Welcome to our new website.
Please note our navigation has changed, so any bookmarks that you have to pages on our site will need to be updated. Subscribers won’t be affected. If you have any queries or issues please contact [email protected]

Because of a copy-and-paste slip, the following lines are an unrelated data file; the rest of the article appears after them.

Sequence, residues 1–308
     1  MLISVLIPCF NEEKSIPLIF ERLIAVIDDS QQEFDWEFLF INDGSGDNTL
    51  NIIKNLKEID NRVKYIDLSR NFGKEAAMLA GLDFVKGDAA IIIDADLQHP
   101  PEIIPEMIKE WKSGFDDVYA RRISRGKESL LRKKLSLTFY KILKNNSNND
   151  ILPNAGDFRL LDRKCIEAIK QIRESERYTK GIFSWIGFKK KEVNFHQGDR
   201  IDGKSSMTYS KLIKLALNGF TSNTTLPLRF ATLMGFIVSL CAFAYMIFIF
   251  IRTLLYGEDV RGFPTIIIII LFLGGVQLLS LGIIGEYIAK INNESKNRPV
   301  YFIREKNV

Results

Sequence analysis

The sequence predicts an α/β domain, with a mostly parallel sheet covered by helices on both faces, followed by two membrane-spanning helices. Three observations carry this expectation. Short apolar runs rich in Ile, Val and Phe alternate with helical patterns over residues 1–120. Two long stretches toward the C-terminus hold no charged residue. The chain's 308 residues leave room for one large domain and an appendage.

The MONIAC hydraulic computer is an example of a mechanical economic model dating to the 1940s. This article introduces the MONIAC and its creator, New Zealand economist Bill Phillips. Although the MONIAC is not used for policy analysis at the Reserve Bank, large-scale, practical macroeconomic modelling has long been part of our research and policy effort. Our modelling has evolved considerably in the nearly 40 years since macroeconomic modelling was introduced in the Bank, reflecting developments in economic theory and understanding of the New Zealand economy as it changes over time. In no small part, the improvement has been facilitated by the enormous increase in computing power in the decades since MONIAC was developed. The only working MONIAC in the Southern hemisphere is on display in the Reserve Bank Museum, on long-term loan from the New Zealand Institute of Economic Research (NZIER).